What was the last show at Thrillhouse?
SOURPATCH, KITTEN FOREVER and CRABAPPLE played last July. Haven’t had one since.

What was the first show at Thrillhouse?
Well, it turned out to be HEY GIRL, LES INCOMPETENTS, FENCE FIGHTER and CHIN UP MERIWETHER, but it was supposed to be SEX VID. Everything was all set for the show, but then on the morning of the show, I went downstairs only to find the entire basement flooded in sewage. Our sewage pipe broke and every time someone flushed the toilet, it sent all the mess onto our basement floor. I spent the entire day with a plumber figuring out how to drain the basement, fixing the pipe and then cleaning the place up. I think we bought about ten gallons of bleach and poured it over every inch down there. That night while all my friends were rocking out to SEX VID at some house in the Mission, I was picking up human turds with a shovel. Definitely one of the grossest day of my life.


What percentage of door money goes to the bands who play?
All of it. Every penny goes to the bands. And since we don’t turn anybody away for lack of funds, there are generally a lot of pennies at the bottom of our money box. Our policy has always been that every show is “pay what you can” with $5 as the suggested price. But we’re also not over idealistic (stupid) about the reality. We all know there’s always gonna be a pile of oogles at every show who pretend like they don’t have any money, even though they are walking in with a 12 pack. Generally, when I’ve worked door I’ll say, “Okay, I totally believe you don’t have any money, but if you wanna just open up your wallet and show me that there’s no money in there, I’ll let you in for free.” Nine out of ten times they’ll change their story and say, “Well, I do have money, but I need it for other stuff,” etc., etc. It’ll take some talking, but you can usually get some dollars from them for the band. Although when we have a band from overseas I’ll take a more extreme approach. In that case the show will either cost (a) $5 or (b) a lock of your hair. And I’ll sit at the door with a pair of scissors and I’ll say, “Oh, you don’t have any money for the band from Japan? That’s totally cool..lemme just take a chunk out of your hair and we’ll be square.” Almost every time they’ll somehow come up with $5. But there’s definitely been plenty of crusty kids who are totally okay loosing some hair to get in for free. Only once did a skinhead show up to one of these shows claiming to be without money. I had to think fast so I said, “Okay it $5 or…uh…a sleeve off your shirt!”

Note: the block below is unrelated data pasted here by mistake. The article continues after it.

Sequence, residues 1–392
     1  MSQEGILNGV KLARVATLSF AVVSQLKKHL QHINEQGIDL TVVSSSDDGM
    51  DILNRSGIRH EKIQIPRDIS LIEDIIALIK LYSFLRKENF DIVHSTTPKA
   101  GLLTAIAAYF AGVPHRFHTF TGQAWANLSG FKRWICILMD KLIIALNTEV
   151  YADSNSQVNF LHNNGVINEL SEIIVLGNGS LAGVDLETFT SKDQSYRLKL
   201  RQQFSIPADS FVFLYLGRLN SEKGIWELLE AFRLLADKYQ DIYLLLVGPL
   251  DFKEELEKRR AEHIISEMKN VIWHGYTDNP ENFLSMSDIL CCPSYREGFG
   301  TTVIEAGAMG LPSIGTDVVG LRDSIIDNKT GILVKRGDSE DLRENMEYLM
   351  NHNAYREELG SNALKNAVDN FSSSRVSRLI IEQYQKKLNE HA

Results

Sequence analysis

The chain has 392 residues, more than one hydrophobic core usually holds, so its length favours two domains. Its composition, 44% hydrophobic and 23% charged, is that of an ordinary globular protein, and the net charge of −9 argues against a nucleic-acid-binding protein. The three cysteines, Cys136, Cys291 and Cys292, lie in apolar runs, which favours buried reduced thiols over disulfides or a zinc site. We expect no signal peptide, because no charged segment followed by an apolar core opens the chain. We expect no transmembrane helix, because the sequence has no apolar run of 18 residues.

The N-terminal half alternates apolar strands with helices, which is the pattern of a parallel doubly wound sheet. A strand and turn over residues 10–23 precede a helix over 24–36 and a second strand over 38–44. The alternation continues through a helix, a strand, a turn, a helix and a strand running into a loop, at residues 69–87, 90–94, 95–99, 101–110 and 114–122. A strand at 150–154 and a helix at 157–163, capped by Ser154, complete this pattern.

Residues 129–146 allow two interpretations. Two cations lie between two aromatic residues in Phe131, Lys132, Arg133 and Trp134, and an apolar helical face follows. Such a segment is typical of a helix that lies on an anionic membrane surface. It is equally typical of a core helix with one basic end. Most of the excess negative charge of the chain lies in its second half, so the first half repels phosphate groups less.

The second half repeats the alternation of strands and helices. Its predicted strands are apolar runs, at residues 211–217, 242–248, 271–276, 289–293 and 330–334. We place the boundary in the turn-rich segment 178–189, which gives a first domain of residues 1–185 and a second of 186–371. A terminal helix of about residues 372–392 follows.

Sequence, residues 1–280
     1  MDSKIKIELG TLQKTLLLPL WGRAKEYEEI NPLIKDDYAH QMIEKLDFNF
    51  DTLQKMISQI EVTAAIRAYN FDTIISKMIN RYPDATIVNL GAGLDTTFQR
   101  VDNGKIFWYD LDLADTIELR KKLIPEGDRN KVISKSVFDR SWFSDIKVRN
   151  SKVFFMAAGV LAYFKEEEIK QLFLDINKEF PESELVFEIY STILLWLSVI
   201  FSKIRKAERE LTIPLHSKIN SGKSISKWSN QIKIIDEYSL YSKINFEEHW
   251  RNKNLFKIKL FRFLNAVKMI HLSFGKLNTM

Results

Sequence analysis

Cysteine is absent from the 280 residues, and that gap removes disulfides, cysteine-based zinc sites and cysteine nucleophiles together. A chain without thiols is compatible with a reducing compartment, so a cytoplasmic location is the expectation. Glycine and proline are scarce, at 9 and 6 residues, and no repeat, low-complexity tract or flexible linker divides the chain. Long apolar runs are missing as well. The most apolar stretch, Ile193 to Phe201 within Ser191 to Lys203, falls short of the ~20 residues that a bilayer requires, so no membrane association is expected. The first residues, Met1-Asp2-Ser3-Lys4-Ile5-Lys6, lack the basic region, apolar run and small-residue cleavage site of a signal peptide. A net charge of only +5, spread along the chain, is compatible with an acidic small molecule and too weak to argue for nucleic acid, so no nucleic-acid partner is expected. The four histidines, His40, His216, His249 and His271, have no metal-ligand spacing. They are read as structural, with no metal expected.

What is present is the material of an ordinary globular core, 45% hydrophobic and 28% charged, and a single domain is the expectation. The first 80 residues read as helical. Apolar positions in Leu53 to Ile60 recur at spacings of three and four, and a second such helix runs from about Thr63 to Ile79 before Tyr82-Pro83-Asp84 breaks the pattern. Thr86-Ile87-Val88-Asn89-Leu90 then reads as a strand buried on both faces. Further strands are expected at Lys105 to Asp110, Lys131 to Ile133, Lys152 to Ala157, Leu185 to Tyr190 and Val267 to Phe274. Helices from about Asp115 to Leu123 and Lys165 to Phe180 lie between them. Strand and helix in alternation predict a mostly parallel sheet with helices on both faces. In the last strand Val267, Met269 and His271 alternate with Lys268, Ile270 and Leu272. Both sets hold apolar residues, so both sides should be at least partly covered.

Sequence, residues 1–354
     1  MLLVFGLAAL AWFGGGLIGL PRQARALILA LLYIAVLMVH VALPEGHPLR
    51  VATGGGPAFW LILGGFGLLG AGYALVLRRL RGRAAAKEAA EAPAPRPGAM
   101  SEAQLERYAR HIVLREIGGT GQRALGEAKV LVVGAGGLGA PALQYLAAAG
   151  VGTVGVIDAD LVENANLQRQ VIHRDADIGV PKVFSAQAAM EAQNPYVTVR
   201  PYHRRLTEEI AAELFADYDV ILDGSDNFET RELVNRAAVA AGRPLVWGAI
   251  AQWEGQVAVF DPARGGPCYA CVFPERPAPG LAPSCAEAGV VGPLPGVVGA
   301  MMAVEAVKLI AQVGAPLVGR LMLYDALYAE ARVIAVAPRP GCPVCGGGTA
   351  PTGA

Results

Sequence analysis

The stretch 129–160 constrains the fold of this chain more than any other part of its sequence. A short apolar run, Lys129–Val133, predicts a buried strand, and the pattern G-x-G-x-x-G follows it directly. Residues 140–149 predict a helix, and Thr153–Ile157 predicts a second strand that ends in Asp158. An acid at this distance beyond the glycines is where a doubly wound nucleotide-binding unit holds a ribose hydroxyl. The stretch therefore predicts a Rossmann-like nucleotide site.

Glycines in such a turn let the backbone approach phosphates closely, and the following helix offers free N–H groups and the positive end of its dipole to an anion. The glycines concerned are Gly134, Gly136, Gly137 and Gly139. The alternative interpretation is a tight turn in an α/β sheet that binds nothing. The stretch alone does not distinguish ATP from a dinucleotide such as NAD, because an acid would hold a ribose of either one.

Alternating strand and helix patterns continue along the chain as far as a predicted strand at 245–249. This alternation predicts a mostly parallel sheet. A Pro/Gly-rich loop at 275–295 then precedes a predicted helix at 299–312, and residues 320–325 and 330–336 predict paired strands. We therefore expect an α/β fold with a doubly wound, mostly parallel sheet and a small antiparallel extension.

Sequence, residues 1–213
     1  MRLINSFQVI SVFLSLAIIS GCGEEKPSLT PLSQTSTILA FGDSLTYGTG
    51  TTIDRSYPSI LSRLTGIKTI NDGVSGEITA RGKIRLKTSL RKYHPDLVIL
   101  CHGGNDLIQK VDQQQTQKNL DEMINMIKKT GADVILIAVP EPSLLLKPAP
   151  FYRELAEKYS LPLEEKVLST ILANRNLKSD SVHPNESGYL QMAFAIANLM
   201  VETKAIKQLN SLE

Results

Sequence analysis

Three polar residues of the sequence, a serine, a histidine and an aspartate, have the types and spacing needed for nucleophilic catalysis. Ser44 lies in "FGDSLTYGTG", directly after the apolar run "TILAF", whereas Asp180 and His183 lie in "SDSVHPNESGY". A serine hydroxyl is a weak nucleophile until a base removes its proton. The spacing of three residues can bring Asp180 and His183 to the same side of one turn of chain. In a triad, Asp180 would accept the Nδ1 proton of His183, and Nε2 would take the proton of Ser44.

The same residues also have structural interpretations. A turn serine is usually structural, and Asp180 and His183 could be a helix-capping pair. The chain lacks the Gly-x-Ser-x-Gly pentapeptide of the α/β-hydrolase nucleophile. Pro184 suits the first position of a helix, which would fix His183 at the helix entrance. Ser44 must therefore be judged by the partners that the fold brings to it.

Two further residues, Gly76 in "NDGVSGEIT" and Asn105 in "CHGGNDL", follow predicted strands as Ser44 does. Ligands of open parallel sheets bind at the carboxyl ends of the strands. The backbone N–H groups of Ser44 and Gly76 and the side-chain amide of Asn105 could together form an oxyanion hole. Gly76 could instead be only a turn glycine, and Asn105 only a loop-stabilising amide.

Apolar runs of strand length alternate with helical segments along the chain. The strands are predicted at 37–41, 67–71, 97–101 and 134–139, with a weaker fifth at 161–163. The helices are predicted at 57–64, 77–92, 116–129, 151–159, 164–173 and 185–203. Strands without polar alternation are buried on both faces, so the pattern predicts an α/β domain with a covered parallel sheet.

Any future plans?
Yeah, we’re gonna release another By Any Means comp tape. We did one for 2013 and planning another for 2014. The idea behind the tape is to make a comp tape of Bay Area bands who are active and doing cool stuff right now. So if someone from out of town (or whatever) is curious about what’s going on in the Bay right now, they can check out the tape and have a pretty good idea. But there’s also this thing where the Bay Area punk scene is massive. There’s so many punks, so many bands, and so many different scenes out here, that you won’t even know about great bands that are outside of your scene. Like, you’ll have heard the band name, but not know what they sound like. So for this tape, we try to collect a lot of different bands from different scenes, and put ’em all together.

Aside from that, we’re trying to put together a screen printing workshop in the basement that will be free and available to everyone, with help available to first time users. The idea being that we can have a place where bands can come in and make shirts or posters or whatever. But really anyone that has any kind of project is more than welcome. We have also been talking with Lydia over at MRR about having punk movie nights on the regular. There’s a few records we might be putting out, and there’s a bunch of other stuff we have down the pipes, but it’s still just in the “talking about it” phase.

How can we help support Thrillhouse?
Just by coming in and hanging out. Stop by when your band is in town or whatever. And if you don’t live in the Bay Area, and you’re not planning on visiting any time soon, maybe just spraypaint “Thrillhouse Rules” somewhere in your town. Bathrooms and sides of buildings are great, but pretty much any flat surface will do.

Go visit Thrillhouse Record at 3422 Mission Street in San Francisco… Keeping SF punk!